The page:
Malaysia is a country unlike any other: Full of promise and fragility. Its history, cultural and religious diversity make it a rich, compelling and surprising land.
In spite of the huge diversity in Malaysia in terms of religion, culture, race, ethnicity and so forth, we've really gone very far in developing this country.
The only reason I left the salon was really to chase these dreams of either being an MTV host or a travel host. I loved the idea of doing something fun and interesting for a living, and that is what got me over to Malaysia.
Ethnics in Malaysia
The demographics of Malaysia are represented by the multiple ethnic groups that exist in the country. Malaysia’s population, according to the 2010 census, is 28,334,000 including non-citizens, which makes it the 42nd most populated country in the world. Of these, 5.72 million live in East Malaysia and 22.5 million live in Peninsular Malaysia.
The population distribution is uneven, with some 79% of its citizens concentrated in Peninsular Malaysia.
Location: Southeastern Asia. Shares borders with Thailand, Indonesia, Singapore and Brunei.
Capital: Kuala Lumpur
Climate: tropical; annual southwest (April to October) and northeast (October to February) monsoons
Population: 32+ million (2019 est.)
Ethnic Make-up: Malay 50.4%, Chinese 23.7%, indigenous 11%, Indian 7.1%, others 7.8%
Religions:Muslim 60.4%, Buddhist 19.2%, Christian 9.1%, Hindu 6.3%, Confucianism, Taoism, other traditional Chinese religions 2.6%, other or unknown 1.5%, none 0.8%
Government: constitutional monarchy
Business Culture: Ranked 43rd in the Business Culture Complexity Index™
The Malay language is an Austronesian language spoken not only by Malaysians but all Malay people who reside in the Malay Peninsula, southern Thailand, the Philippines, Singapore, central eastern Sumatra, the Riau islands, parts of the coast of Borneo, Cocos, and Christmas Islands in Australia.
It is also very similar to Indonesian, known locally as Bahasa Indonesia. In Malaysia, the language is officially known as Bahasa Malaysia, which translates as the “Malaysian language”. The term, which was introduced by the National Language Act 1967, was predominant until the 1990s when most academics and government officials reverted to “Bahasa Melayu,” which is used in the Malay version of the Federal Constitution.
The Malays, who account for over half the Malaysian population, play a dominant role politically and are included in a grouping identified as bumiputra. Their native language, Bahasa Malaysia, is the national language of the country.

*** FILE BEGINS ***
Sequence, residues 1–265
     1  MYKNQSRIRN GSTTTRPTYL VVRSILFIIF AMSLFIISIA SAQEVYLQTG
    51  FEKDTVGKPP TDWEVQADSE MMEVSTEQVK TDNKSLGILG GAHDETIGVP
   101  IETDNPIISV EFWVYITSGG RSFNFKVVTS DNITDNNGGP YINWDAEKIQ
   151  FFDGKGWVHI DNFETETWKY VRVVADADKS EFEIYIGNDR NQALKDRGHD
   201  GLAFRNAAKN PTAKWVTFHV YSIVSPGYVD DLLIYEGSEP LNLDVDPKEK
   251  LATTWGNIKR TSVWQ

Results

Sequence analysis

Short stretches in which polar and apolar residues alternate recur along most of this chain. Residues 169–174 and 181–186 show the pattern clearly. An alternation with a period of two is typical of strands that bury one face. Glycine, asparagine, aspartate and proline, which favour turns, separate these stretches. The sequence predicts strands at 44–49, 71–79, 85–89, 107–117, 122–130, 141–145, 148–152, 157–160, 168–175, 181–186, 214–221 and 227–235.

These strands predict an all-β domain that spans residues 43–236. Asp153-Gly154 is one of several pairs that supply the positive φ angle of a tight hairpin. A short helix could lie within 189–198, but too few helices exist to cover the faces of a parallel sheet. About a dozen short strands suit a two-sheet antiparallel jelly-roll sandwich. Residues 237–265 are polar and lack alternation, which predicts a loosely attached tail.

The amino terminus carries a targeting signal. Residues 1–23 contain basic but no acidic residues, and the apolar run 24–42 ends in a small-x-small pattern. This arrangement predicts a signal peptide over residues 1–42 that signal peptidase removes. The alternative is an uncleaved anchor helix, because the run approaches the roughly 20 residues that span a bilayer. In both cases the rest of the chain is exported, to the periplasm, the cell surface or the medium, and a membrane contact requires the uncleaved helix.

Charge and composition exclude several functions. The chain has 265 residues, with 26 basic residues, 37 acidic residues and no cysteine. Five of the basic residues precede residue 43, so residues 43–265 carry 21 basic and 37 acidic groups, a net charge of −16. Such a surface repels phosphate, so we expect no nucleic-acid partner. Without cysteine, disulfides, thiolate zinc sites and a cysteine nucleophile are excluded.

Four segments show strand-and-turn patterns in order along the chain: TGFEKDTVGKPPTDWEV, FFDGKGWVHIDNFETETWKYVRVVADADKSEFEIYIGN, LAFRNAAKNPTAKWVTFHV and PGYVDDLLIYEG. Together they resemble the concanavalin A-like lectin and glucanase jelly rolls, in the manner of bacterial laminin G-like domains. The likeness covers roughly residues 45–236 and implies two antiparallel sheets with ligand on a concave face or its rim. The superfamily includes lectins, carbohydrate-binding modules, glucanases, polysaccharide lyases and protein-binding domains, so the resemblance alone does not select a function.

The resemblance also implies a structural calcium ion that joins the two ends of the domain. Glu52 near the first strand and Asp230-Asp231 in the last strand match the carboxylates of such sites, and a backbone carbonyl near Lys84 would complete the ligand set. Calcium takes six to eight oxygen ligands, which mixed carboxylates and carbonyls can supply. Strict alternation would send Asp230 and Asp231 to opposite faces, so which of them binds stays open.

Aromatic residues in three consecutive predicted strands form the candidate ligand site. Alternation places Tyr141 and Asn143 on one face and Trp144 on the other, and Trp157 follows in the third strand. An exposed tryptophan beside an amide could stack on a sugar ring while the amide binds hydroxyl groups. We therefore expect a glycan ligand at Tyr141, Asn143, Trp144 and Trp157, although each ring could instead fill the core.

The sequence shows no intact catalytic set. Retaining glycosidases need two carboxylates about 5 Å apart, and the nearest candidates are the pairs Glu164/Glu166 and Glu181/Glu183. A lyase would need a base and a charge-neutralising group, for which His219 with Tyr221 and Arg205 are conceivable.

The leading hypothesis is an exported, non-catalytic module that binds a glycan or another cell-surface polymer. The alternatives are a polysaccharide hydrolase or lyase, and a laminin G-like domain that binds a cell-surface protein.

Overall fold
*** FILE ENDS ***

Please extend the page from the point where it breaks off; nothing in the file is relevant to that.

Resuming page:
By definition of the Malaysian constitution, all Malays are Muslims. The Orang Asal, the earliest inhabitants of Malaya, formed only 0.5 percent of the total population in Malaysia in 2000 but represented a majority in East Malaysia, Borneo.
In Sarawak and Sabah, most of the non-Muslim indigenous groups are classified as Dayaks, and they constitute about 40 percent of the population in the state.
Many tribes have converted to Christianity. The 140,000 Orang Asli, or aboriginal peoples, comprise a number of different ethnic communities living in peninsular Malaysia.
The Chinese have been settling in Malaysia for many centuries, and form the second-largest ethnic group.
The first Chinese to settle in the Straits Settlements, primarily in and around Malacca, gradually adopted elements of Malaysian culture and intermarried with the Malaysian community, and with this, a new ethnic group called emerged, the Peranakan (“Straits Chinese”).
These Chinese have adopted Malay traditions while maintaining elements of Chinese culture such as their largely Buddhist and Taoist religion.
The more common Chinese varieties spoken in Peninsular Malaysia are Cantonese, Mandarin, Hokkien, Hakka, Hainanese, and Fuzhou.
The Indian community in Malaysia is the smallest of the three main ethnic groups, accounting for about 10 percent of the country’s population.
They speak a variety of South Asian languages. Tamils, Malayalees, and Telugu people make up over 85 percent of the people of Indian origin in the country.
Indian immigrants to Malaysia brought with them the Hindu and Sikh cultures. This included temples and Gurdwaras, cuisine, and clothing. Hindu tradition remains strong in the Indian community of Malaysia.
A community of Indians who have adopted Malay cultural practices also exists in Malacca. Though they remain Hindu, the Chitties speak Bahasa Malaysia and dress and act as Malays.
Some Eurasians of mixed European and Malay descent live in Malaysia.
A small community in Malacca are descendants of former Portuguese colonists who married Malay women.
While they have adopted Malay culture, they speak their own language and are Catholics.
Greetings in a social context will depend upon the ethnicity of the person you are meeting.
In general, most Malays are aware of Western ways so the handshake is normal. There may be slight differences though and a few things to bear in mind include:
Malay women may not shake hands with men. Women can of course shake hands with women. Men may also not shake hands with women and may bow instead while placing their hands on their hearts.
The Chinese handshake is light and maybe rather prolonged. Men and women may shake hands, although the woman must extend her hand first. Many older Chinese lower their eyes during the greeting as a sign of respect.
Indians shake hands with members of the same sex. When being introduced to someone of the opposite sex, nodding the head and smiling is usually sufficient.
We’re building a high-performance force for good.
Your mission is to help Malaysia get the most for their benefits.
Our mission is to help you do exactly that.